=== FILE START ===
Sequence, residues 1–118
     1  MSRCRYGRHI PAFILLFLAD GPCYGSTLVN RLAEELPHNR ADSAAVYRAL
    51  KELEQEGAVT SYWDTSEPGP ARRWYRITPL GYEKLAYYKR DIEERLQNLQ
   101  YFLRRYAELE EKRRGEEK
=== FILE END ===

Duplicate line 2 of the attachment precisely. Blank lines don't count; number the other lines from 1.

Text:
     1  MSRCRYGRHI PAFILLFLAD GPCYGSTLVN RLAEELPHNR ADSAAVYRAL